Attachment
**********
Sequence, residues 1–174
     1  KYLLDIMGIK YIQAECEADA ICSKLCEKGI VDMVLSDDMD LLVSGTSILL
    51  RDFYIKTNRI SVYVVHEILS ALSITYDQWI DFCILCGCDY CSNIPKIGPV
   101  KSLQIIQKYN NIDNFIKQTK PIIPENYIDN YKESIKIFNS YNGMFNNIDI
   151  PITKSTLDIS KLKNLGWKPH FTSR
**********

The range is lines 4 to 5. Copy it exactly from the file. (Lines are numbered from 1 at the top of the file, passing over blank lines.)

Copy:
   101  KSLQIIQKYN NIDNFIKQTK PIIPENYIDN YKESIKIFNS YNGMFNNIDI
   151  PITKSTLDIS KLKNLGWKPH FTSR